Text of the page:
It’s our anniversary today! I thought it would fun to celebrate by sharing here on my blog this tale of our wedding, which first printed in the Agri-News waaaay back in 2004. Oh, weddings. (I think next time around, Beau and I might just elope!) Enjoy!
(PS: My sister feels it is necessary for me to mention that in the photo above, she was 7 months pregnant. She is worried that readers might be concerned about her figure or lack thereof evident under her gown. I can confirm that she was, indeed, very pregnant that day… and that it was very, very hot in the church.)
“Some time ago I mentioned to Editor Linda that I would be interested in writing a regular column for the Agri-News. You see, I was married in August and live with my husband at Horse Camp on the PV Ranch near Hysham. As twenty-something newlyweds surviving the comedy of the cattle business 11 miles from the nearest neighbor, there will no doubt be plenty of stories to tell!
Only yesterday did I finally find the inspiration to write something. Be forewarned, there are no cows in this tale. You see, in the five months since our wedding, I have been so busy recovering from the whole ordeal that there was not an iota of space remaining in my imagination for any original ideas.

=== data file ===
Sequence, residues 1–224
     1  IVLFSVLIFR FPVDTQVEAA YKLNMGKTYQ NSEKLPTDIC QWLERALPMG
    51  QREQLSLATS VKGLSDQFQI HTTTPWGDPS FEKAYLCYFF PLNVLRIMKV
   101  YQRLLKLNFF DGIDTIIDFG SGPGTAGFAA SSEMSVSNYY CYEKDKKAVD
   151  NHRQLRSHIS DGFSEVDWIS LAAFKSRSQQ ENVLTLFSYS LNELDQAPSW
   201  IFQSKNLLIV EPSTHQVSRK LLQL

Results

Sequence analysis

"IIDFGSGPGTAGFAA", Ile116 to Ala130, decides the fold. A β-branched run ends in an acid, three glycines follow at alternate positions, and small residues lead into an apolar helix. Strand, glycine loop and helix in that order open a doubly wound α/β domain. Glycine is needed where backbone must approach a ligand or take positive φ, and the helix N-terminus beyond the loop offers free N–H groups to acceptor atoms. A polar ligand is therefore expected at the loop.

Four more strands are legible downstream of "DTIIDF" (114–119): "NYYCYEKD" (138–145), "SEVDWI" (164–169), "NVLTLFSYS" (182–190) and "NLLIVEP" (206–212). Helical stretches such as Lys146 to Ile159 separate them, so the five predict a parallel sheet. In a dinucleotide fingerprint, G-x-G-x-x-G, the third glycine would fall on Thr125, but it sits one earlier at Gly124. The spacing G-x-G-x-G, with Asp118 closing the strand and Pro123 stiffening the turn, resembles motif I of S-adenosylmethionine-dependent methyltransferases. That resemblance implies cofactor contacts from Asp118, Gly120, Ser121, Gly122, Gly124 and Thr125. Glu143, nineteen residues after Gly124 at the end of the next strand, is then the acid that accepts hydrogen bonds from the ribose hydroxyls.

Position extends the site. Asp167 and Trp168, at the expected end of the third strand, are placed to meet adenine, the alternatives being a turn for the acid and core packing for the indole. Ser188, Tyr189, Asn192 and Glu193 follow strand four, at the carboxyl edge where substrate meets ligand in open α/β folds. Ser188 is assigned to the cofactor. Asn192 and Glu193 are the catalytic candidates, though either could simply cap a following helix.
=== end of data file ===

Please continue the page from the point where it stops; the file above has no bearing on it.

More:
Now that I’ve had adequate time to sort through the emotional drama of the Big Day, I feel well-qualified to share some Wedding Hints with those of you who may eventually be involved in planning and executing a lovely, unforgettable event like our own.
1) DO NOT plan a wedding for August! For those of you who may have forgotten, August in Montana is fire season. In total, we had a bridesmaid, a vocalist, and a wine server cooking for fire crews in other parts of the Northwest just days before the wedding! Good thing the bridesmaid made it home on time for the rehearsal, because the rehearsal happened to be synchronized with the blazing eruption of her own family’s pastureland. Her hair looks a little singed in the wedding party photos, but other than that it’s hard to tell she hadn’t slept for three days.